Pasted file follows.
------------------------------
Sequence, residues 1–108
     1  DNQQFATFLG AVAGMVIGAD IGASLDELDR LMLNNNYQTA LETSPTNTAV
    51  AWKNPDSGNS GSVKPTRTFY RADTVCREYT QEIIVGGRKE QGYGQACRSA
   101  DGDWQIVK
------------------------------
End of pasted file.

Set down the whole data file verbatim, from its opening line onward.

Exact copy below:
Sequence, residues 1–108
     1  DNQQFATFLG AVAGMVIGAD IGASLDELDR LMLNNNYQTA LETSPTNTAV
    51  AWKNPDSGNS GSVKPTRTFY RADTVCREYT QEIIVGGRKE QGYGQACRSA
   101  DGDWQIVK